Marco Rubio, still just 44 years old, is a young and constitutionally sunny man in a party that is increasingly neither of those things, and so he has spent much of his political career serving as an avatar of the future to people who worship the past. You’ll often hear it said, by operatives and journalists, that Rubio is the most talented “political athlete” in the Republican primary field, and part of his athletic success has been to allow others to see in him whatever future they wish. Once he was the symbol of the tea party, then he became the party’s most visible moderate; he has been both an outsider and the Establishment’s program for the Republican future. To see Rubio on the stump is to realize, for all this athleticism, how specific his candidacy is, how inextricably tied it is to the promise of a Republican reconciliation with immigration. It is also to realize how much power that promise contains.
I saw Rubio on Tuesday, at a town hall he held in Keene, New Hampshire, one stop on what has been so far a remarkably low-profile campaign. It was midday, and even in a college town the room was filled with retirees. Rubio (easy humor, chinos) slipped comfortably into a role that he has long occupied — that of the dutiful son. He explained that he was running for president so that the aspirations his immigrant parents had for him and his siblings could be universal, and then, without much varnish or windup, he explained exactly how aspirational those hopes had been, his father having dropped out of school in Cuba at 9 and having worked until his 70s as a bartender behind a movable bar in a banquet hall, and his mother working as a hotel maid and a Kmart clerk. Rubio said that by any reasonable demographic calculus he (immigrant, working-class, Latino) ought to have been a Democrat. Then he told a story about living, for a couple of years as a child, in Las Vegas — a more X-rated Las Vegas then, without much for kids to do — and how his parents would take the kids for evening drives through the one “really nice” neighborhood nearby, encouraging them to imagine that they might at some time live here. One of the houses, Rubio mentioned to the retirees in Keene, had belonged to Liberace, the gaudiness sitting silent while the Rubio family car tooled past. “I don’t know why I remember that,” he said.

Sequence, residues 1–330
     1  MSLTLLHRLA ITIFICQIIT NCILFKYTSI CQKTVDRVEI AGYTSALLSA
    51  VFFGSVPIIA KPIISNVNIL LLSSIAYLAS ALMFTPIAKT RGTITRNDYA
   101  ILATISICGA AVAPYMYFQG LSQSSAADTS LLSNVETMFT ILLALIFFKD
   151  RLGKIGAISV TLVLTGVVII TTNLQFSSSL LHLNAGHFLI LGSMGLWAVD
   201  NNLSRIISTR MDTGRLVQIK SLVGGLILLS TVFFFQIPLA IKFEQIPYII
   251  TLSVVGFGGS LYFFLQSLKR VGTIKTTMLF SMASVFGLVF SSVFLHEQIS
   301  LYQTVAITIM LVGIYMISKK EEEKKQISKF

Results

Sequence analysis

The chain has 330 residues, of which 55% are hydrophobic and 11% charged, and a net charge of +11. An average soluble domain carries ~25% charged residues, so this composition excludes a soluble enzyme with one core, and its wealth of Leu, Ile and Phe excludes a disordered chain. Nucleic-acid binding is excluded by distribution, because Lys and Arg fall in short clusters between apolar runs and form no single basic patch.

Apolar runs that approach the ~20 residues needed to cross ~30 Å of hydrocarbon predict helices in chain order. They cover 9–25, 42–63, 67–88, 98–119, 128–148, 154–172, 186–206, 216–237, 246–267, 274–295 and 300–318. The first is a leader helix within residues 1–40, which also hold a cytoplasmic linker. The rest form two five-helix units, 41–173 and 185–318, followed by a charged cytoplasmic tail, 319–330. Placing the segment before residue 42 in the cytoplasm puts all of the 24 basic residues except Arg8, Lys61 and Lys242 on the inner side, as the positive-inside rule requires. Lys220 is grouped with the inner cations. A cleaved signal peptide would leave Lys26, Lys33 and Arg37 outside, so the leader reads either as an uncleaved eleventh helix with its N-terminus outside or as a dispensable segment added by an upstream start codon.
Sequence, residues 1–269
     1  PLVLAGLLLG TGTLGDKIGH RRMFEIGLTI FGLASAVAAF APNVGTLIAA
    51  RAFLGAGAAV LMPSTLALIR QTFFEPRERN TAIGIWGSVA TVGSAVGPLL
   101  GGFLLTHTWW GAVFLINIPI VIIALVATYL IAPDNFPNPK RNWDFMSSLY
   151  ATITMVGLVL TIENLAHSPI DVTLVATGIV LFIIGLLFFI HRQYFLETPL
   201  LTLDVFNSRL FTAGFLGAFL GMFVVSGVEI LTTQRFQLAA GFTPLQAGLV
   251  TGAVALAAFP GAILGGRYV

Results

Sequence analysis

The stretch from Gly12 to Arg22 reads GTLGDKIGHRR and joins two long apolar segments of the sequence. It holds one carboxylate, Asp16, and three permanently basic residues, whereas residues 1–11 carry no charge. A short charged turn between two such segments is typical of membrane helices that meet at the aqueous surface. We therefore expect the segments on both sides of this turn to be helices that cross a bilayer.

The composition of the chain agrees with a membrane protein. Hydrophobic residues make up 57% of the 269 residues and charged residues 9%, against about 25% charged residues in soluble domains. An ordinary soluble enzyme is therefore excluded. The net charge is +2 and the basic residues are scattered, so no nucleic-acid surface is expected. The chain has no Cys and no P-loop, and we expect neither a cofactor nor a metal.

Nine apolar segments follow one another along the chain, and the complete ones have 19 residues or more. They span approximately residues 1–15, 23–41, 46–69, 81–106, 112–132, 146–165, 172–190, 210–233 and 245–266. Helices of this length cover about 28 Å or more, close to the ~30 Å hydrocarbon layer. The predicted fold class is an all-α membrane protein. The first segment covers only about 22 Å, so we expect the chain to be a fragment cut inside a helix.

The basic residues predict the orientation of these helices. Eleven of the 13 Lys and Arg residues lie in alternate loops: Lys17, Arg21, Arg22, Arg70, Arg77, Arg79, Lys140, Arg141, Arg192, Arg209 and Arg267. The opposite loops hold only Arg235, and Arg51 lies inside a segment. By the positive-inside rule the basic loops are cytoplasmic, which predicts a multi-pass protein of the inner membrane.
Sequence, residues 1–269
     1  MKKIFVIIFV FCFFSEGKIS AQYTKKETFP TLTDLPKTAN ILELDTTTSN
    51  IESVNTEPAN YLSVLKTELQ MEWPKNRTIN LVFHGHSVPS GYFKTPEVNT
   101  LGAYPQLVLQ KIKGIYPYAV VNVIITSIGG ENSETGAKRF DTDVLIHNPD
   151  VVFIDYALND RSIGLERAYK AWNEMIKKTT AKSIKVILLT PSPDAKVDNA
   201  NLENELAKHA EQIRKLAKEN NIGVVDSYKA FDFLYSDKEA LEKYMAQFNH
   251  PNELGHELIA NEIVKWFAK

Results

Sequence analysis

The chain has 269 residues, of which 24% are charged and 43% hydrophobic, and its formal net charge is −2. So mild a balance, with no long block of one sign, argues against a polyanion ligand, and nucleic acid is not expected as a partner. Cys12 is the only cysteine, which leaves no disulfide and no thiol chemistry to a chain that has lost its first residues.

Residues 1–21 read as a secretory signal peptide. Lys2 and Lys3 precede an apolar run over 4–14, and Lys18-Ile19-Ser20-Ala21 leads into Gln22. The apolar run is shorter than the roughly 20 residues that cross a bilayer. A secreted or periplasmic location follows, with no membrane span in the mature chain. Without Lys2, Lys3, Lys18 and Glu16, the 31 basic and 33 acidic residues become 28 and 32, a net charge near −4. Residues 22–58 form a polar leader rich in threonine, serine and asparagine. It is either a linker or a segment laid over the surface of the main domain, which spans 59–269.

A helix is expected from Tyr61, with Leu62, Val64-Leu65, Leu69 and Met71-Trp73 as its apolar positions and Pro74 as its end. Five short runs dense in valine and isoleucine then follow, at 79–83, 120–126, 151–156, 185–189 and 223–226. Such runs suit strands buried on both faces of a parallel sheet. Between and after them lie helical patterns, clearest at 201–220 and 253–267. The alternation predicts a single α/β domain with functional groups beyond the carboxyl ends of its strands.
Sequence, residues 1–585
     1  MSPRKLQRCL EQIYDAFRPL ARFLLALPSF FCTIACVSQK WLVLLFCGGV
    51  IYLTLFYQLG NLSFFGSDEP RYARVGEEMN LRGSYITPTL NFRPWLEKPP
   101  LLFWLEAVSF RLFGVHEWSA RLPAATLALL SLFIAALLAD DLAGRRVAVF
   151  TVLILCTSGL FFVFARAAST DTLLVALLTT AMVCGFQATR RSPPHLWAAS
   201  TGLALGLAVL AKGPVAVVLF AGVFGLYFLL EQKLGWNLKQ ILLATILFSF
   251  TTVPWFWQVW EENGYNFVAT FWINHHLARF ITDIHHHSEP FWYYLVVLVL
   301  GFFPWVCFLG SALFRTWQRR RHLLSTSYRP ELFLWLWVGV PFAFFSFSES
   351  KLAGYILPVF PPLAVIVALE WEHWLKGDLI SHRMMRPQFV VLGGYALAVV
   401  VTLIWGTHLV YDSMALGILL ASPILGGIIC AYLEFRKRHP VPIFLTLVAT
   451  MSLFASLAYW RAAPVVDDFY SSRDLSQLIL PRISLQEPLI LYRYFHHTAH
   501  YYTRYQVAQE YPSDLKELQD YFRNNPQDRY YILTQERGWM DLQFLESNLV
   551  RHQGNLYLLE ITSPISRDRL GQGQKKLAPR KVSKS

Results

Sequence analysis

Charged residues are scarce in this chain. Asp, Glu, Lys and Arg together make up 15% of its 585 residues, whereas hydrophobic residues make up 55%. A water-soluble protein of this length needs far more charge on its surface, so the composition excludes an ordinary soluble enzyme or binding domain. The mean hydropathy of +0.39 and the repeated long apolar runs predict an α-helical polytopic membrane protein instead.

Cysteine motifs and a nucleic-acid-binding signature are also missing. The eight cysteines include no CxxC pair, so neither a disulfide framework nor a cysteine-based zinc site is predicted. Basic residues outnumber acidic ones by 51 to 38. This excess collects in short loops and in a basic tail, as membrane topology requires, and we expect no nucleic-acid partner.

Rubio does not have the tenacious affinity for policy that Jeb Bush or Hillary Clinton do, nor does he obviously display the capacity for ideological abstraction of Ted Cruz or Bernie Sanders. But Rubio is a better noticer than the rest of the White House contenders, a more natural observer, and that quality both gives his candidacy a lived-in specificity and also makes him the presidential field’s most effective sentimentalist. In Keene he described his plan for making it harder for students to default on their loans, and he mentioned his own struggles to pay back his loans — how they often consumed a bigger portion of his household budget than his mortgage — which only ended when as a senator he got a big advance for his book. Rubio insisted that other countries that claim to be capitalist are in fact “corporatist” – he dwelled on this topic at length — not true free markets but closed oligarchic circles. He said he wanted to reorient the system of legal immigration to the United States so that it no longer favored those who had family in the U.S. already but those who could contribute something of value. Much of Rubio’s policy platform is fairly generic Republican stuff — deficits, regulatory excess, balanced budgets. But at the edges there is a subtle recasting of conservatism, so that it is more explicitly in service not of the family, nor the status quo, but of strivers like Rubio himself, possessed of immigrant awe.